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Wednesday May 22, 2024

Climate and the religious lens

The current way of dealing with the environment and climate change is no longer adequate

By Dr Muhammad Imran
April 17, 2024
A flood-affected area in Sindh can be seen in this aerial view. — AFP/File
A flood-affected area in Sindh can be seen in this aerial view. — AFP/File

The condition of Pakistani cities shows that we are suffering from an intellectual, professional and moral crisis. There is a sense that the existing government institutions and people cannot be persuaded to take the natural environment and climate change seriously, despite worse air pollution, urban flooding, water shortages and the waste crisis in the urban cities of Pakistan.

Successive civil and military governments have passed a number of laws, prepared policies and organized awareness walks in the last three decades, but the issue of the deteriorating environment and the threat of climate change keep getting worse.

The current way of dealing with the environment and climate change is no longer adequate. New concepts and approaches must be sought within our social strengths and culture.

Pakistan’s culture, norms and practices are inherently religious in nature. Understanding the connections between how people connect religion with everyday life can bring deep meaning to the natural environment surrounding us.

Recently, I came across a wonderful book ‘Green Deen: What Islam Teaches about Protecting the Planet’ by the late Ibrahim Abdul-Matin, who also worked as a sustainability adviser in the New York City mayor’s office.

According to this book: “A saying of the Prophet Muhammad (peace be upon him): “Wherever you may be at the time of prayer, you may pray, for it (the Earth) is all a mosque”. We heard this hadith several times, and scholars have focused on the importance of prayers. However, the later part of hadith – praying wherever you find a place can mean that the Earth is a mosque; a mosque is sacred; therefore, the Earth is sacred.”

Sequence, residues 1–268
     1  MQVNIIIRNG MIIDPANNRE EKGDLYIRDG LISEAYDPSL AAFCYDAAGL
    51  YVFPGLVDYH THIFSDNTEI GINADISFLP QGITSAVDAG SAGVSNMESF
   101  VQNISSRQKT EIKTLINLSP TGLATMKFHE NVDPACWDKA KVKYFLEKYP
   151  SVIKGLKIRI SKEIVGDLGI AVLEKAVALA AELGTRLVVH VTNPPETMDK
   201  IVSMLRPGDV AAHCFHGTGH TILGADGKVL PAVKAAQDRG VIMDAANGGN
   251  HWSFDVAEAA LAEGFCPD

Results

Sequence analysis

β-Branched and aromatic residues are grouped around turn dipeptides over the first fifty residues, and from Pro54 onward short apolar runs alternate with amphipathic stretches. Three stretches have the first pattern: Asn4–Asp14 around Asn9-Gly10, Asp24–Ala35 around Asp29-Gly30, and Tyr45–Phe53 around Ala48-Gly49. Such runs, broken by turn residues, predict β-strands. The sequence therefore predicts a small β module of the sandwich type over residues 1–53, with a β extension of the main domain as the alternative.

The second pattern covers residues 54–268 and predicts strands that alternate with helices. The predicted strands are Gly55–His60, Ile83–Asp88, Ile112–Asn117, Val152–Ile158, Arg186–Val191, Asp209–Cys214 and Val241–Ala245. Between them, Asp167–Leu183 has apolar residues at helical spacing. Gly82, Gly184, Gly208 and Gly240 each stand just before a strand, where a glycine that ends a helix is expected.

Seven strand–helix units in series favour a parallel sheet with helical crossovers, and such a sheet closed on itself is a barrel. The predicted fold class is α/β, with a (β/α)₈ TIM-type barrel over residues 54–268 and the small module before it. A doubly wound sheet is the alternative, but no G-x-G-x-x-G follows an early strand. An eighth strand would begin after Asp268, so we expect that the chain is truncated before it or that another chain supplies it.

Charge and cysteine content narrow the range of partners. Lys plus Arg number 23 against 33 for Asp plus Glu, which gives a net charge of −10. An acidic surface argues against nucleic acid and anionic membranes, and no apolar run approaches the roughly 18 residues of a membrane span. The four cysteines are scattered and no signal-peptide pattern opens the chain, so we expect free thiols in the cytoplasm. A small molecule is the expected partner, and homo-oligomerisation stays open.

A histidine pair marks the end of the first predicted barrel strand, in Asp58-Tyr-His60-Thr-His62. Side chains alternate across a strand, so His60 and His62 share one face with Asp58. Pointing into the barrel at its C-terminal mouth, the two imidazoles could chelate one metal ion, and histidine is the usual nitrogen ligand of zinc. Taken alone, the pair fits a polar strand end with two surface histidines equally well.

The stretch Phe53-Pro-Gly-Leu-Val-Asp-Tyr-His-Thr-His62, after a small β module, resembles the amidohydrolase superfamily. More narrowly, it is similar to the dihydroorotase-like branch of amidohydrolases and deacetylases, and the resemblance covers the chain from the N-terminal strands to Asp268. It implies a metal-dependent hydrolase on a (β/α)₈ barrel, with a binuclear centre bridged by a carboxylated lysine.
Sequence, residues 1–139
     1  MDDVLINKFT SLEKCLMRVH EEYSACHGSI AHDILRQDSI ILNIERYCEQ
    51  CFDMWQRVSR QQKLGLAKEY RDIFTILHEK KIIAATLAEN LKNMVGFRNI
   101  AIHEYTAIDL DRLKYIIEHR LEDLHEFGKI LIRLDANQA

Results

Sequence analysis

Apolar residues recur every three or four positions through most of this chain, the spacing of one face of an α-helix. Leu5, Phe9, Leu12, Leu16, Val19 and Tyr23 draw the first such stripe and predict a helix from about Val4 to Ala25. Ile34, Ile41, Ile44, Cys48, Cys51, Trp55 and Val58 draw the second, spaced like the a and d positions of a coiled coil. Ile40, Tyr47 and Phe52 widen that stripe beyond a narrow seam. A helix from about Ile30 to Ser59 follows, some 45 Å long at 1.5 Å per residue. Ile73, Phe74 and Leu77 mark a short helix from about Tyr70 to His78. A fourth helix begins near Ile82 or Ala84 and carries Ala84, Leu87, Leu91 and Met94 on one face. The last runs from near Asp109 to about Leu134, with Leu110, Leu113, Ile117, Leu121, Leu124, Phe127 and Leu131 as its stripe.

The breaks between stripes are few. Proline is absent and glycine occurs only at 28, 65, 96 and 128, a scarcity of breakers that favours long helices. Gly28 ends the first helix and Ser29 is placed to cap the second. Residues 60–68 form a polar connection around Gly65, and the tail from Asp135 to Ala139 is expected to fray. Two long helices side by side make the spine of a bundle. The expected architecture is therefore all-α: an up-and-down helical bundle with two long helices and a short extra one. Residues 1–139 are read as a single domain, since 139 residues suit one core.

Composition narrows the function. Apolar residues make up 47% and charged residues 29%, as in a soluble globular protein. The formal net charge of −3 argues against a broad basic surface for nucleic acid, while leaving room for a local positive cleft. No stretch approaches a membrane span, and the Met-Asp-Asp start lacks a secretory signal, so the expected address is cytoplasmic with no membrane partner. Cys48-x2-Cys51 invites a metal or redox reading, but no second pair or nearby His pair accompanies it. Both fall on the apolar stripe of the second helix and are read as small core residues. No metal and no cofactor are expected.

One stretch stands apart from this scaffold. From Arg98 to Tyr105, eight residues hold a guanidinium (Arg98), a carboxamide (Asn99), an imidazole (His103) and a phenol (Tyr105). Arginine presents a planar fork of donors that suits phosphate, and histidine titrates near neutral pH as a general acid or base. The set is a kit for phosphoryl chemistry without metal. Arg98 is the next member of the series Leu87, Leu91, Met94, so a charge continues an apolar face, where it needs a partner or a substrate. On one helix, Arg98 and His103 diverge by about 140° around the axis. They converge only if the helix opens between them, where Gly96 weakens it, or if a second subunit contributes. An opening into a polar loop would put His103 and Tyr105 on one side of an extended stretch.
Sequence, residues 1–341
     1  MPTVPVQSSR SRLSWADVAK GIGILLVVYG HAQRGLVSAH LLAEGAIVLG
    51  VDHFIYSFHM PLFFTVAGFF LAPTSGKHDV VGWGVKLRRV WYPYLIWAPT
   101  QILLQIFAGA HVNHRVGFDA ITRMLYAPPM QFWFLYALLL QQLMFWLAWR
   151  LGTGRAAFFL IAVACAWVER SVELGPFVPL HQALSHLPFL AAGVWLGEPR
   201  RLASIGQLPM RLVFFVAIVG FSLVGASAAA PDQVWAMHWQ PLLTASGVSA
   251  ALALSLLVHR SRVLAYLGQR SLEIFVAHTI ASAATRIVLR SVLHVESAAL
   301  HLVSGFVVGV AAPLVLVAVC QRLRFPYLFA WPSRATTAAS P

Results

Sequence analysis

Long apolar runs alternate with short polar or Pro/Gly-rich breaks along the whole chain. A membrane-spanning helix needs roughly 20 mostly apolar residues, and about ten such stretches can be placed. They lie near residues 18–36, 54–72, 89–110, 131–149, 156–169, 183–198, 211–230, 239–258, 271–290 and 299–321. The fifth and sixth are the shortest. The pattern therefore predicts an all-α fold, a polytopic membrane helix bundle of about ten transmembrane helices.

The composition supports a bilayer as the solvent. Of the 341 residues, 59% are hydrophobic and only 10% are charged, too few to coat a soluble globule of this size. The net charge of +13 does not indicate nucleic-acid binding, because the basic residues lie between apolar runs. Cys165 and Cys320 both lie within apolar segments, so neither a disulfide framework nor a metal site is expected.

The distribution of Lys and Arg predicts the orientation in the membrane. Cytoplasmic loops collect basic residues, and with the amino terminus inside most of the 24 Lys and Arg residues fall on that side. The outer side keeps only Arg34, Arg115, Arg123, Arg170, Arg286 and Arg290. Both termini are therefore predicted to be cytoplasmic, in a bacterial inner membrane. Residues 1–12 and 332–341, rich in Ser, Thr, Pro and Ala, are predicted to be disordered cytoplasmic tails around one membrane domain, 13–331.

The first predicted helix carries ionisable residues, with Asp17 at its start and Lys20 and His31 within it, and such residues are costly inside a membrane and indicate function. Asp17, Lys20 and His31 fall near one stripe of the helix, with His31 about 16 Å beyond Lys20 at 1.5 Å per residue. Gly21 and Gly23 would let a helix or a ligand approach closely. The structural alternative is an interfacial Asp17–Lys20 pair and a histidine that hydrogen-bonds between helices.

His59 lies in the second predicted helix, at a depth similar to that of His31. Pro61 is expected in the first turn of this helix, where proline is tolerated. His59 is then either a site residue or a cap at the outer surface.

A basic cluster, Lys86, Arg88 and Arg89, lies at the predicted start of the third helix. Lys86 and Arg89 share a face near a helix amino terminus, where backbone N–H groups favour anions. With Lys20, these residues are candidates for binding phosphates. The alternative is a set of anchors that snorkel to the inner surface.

Treating the Earth like a mosque means treating the natural world justly and fairly. We, as Muslims, must accept our role as the protectors of the planet, which has come under threat from the actions of urban development practices in Pakistan and beyond. Islam teaches us ethical principles that guide how we interact with the social and natural world. The core message that the earth is a mosque brings the religious obligation to protect the environment.

Abdur Rehman Cheema’s book ‘The Role of Mosque in Building Resilient Communities Widening Development Agendas’ stresses the importance of human belief and the role of the mosque in responding to and recovering from natural disasters in Pakistan.

This book shows that religious practices and the mosque can catalyze sustainable development to achieve a thriving community, social cohesion and resilience. It says that the climate change agenda in Pakistan should not overlook the role of religion and religious institutions in planning future developments and dealing with future disasters.

The lack of attention to religion, religious institutions and religious narratives in climate change literature and practices lies in the fact that Western literature, governments and donors follow the secular tradition where religion is a private matter. The opposite is true in Pakistan.

Pakistan should develop its own path for addressing climate change. The climate change agenda should tap into the beliefs of Pakistani society and include mosques and religious narratives in dealing with environmental issues. This approach may inspire society to challenge existing developmental practices and consumption-led approaches to transition to a low-carbon urban future.

Over the centuries, religion has spread hope, meaning and love, which is powerful. We can redirect religious discourse to generate love, feelings and deep meaning regarding the environment. This will help people protect and restore natural resources around them.

Although not all Pakistanis are religious, they can understand their personal role in addressing the environment through the lens of religious narratives. It would help them gain unique insights into the environment and motivate them to take action.

Literature in the field of environmental humanities and social sciences asks us to think of religion differently from what is traditionally understood and unlocks its potential for environmentalism. Deep meaning in the transition towards a low-carbon future is required, and religious narratives can develop these meanings.

The true teachings of Islam are concerned with acting on core ethical principles that are deeply connected with a love for the natural and social environment. Protecting water, consuming things ethically, and treating animals, birds, and trees respectfully are part of our religious teaching and should be widely articulated in our society and institutions.

Therefore, the religious narrative approach should be designed to motivate people to reflect on their daily lives when they buy cars, build houses, and cut and plant trees, and its consequences for climate change. Religious narratives will enable the active engagement of all citizens to protect the natural environment, which Pakistan desperately needs to address climate change.


The writer is a professor of transport and urban planning at Massey University, New Zealand.